Federal Reserve Bank of San Francisco President John Williams said he could see the U.S. central bank's balance sheet settling somewhere above $2 trillion, concurring with several estimates that have put the figure at least that high in the absence of a specific prediction from the Fed.
Mr. Williams's comments Friday come as Fed officials prepare their strategy for shrinking the central bank's $4.5 trillion portfolio of Treasury and mortgage bonds. One key question is just how much smaller those holdings ultimately should be.
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The central banker said that even after the Fed has reduced its giant bond portfolio, the balance sheet likely would remain large enough to accommodate the myriad ways markets have changed since the financial crisis, during an audience question-and-answer session after a speech in New York.
Mr. Williams said the Fed has been talking internally about the optimal way to exit its postcrisis monetary policy, including its enormous balance sheet, since as early as 2011. Fed officials have signaled in recent policy meeting minutes that they want to start shrinking the portfolio later this year, but not where they want it to end up or how they want to get there.
Starting this year "makes sense to me," given unemployment is now below 4.5% and inflation is close to the Fed's 2% goal. "We need to get monetary policy back to more normal levels...both in terms of our balance sheet and in terms of interest rates," Mr. Williams told the audience.
The Fed's interest-rate-setting committee has said it wants to bring the balance sheet down to a size that, at a minimum, would still allow it conduct monetary policy effectively. Whatever that size is, Mr. Williams said, it should be "significantly smaller" than its current elevated level.
Some economists, including former Fed Chairman Ben Bernanke, have argued there are merits to keeping a large balance sheet, in support of various efforts that would provide high-quality assets to banks in times of turmoil and bolster financial stability.
In an interview with CNBC on Monday, Mr. Bernanke said there also was "some evidence a larger balance sheet makes monetary policy more effective, that it transmits interest rates into the economy more effectively." He predicted the balance sheet would end up at $2.3 trillion to $2.8 trillion.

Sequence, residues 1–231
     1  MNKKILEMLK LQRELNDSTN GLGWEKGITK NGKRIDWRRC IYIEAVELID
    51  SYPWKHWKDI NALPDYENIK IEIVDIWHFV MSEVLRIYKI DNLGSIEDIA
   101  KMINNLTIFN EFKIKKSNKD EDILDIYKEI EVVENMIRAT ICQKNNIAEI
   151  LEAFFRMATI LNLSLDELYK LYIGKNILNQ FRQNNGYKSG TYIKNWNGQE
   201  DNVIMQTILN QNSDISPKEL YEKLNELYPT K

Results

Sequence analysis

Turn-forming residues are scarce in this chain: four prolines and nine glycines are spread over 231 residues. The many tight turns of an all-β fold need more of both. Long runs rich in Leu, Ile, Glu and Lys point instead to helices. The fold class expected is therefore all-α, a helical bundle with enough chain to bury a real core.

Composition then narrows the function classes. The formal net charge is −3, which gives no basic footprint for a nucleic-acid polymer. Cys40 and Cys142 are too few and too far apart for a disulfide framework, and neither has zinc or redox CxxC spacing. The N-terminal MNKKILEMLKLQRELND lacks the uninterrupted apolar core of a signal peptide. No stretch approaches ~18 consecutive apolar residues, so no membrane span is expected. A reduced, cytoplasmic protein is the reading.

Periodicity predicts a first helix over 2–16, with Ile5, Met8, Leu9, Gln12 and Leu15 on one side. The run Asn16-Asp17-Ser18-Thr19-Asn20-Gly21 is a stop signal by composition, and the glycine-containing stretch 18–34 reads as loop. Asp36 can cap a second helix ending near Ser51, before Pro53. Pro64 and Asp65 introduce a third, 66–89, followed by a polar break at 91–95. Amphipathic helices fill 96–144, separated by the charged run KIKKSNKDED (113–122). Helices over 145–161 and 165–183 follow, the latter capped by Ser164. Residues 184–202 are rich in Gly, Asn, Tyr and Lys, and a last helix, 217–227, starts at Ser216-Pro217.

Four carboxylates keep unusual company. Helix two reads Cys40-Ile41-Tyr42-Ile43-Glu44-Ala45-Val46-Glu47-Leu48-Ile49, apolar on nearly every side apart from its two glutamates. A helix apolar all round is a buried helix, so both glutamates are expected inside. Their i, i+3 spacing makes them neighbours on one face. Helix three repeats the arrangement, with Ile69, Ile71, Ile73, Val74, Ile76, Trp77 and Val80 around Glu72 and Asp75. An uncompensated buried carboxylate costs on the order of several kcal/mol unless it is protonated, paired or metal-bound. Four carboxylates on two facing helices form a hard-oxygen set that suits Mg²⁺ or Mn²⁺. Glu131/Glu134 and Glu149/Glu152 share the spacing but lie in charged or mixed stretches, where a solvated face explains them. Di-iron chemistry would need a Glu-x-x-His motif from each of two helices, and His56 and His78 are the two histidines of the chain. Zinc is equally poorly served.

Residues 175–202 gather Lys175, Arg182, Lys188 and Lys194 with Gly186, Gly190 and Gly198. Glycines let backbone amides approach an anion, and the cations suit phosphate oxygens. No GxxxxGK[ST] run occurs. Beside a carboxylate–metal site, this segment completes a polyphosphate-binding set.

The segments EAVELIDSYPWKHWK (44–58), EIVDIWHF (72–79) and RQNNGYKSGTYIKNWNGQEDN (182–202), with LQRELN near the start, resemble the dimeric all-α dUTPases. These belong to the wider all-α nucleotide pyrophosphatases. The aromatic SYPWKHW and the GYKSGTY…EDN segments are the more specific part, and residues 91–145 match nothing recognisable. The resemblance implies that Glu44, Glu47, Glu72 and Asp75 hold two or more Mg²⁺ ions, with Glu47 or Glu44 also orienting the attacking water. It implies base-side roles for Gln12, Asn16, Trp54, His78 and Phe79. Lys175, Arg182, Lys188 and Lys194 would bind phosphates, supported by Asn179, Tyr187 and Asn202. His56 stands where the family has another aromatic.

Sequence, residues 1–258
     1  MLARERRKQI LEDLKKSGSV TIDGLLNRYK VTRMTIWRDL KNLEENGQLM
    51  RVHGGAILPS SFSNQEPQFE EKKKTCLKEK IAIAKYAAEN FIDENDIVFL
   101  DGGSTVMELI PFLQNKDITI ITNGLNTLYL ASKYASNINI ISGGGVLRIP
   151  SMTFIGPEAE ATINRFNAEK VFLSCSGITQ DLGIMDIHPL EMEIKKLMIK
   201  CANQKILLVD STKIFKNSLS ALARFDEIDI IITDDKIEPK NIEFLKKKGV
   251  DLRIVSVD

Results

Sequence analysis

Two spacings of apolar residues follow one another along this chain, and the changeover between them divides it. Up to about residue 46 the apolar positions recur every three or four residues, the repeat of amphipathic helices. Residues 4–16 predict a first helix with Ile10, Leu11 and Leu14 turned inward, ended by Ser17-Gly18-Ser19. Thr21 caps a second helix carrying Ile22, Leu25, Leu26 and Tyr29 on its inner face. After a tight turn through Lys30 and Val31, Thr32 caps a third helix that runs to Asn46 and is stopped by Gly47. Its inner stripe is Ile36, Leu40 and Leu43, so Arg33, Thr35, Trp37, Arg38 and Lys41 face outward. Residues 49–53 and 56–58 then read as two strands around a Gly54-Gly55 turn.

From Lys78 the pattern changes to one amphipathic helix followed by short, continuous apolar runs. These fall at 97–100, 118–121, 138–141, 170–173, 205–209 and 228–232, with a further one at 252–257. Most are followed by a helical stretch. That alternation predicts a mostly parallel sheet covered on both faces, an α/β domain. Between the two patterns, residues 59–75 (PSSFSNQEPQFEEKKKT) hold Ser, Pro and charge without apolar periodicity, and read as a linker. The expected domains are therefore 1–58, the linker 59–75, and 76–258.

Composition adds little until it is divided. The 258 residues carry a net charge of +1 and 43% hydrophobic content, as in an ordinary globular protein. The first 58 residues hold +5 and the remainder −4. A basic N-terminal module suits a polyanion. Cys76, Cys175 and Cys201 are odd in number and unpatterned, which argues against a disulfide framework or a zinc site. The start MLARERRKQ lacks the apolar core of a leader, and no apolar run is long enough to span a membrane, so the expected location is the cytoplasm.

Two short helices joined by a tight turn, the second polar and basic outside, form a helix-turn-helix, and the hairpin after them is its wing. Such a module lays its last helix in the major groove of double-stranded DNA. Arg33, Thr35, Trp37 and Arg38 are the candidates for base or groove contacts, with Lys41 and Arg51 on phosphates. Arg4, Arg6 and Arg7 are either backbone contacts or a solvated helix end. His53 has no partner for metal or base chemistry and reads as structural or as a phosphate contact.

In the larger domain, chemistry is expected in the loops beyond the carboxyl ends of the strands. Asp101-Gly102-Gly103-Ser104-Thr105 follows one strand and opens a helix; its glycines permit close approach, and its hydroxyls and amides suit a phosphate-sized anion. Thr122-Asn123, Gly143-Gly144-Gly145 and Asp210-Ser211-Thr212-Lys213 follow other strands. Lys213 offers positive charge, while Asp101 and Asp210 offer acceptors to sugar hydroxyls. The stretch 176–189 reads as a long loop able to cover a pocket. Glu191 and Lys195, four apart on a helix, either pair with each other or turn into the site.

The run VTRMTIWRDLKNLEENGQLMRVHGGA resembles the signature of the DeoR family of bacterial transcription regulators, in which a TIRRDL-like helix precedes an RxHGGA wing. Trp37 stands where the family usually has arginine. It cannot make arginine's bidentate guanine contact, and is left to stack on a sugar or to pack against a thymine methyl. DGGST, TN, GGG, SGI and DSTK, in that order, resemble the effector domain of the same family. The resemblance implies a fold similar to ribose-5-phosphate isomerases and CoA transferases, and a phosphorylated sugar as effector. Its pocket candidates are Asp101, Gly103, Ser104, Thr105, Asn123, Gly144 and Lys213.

Separately, in an April blog post for the Brookings Institution, where he is a fellow, Mr. Bernanke wrote: "It's not unreasonable to argue that the optimal size of the Fed's balance is currently greater than $2.5 trillion and may reach $4 trillion or more over the next decade."
Mr. Williams said the Fed has decided to reduce it meaningfully. The rate-setting committee "has weighed the pros and cons... and has decided that we are going to reduce the size of the balance sheet from its very elevated levels gradually," he said.
The amount of money, called reserves, that banks would leave on deposit at the Fed in the future policy framework remains an open question. Mr. Williams said the amount of preferred reserves "could be on the order of hundreds of billions of dollars," down from current levels around $2 trillion. Before the crisis, reserve balances totaled around $10 billion.
Mr. Williams said the preferred amount of reserves could change depending on alterations to federal banking regulations under the new administration, which has been reviewing them. Those factors make it hard to know what the ideal amount of excess reserves, above regulatory requirements, should be, he said.
The $2 trillion or higher figure would be enough to back the amount of currency in circulation, currently around $1.5 trillion and likely to grow, as well as at least $500 billion in excess reserves.
"The size of the balance sheet will be moving up with currency every year," he told reporters. "A number...which is the total balance sheet is $2 trillion, the first digit is a 2, that sounds right."
He added: "I do view that as significantly lower than the over $4 trillion that we have today."
Top Wall Street economists predict the total will need to stay at least in the trillions of dollars to support changing financial conditions. Before the financial crisis, the Fed's balance sheet was around $900 billion. David Mericle, a vice president with the economics team at Goldman Sachs Group Inc., sees it ending up in the ballpark of $2 trillion to $2.9 trillion, depending on how fast and what methods the Fed uses to shrink its holdings.
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(END) Dow Jones Newswires
May 05, 2017 18:25 ET (22:25 GMT)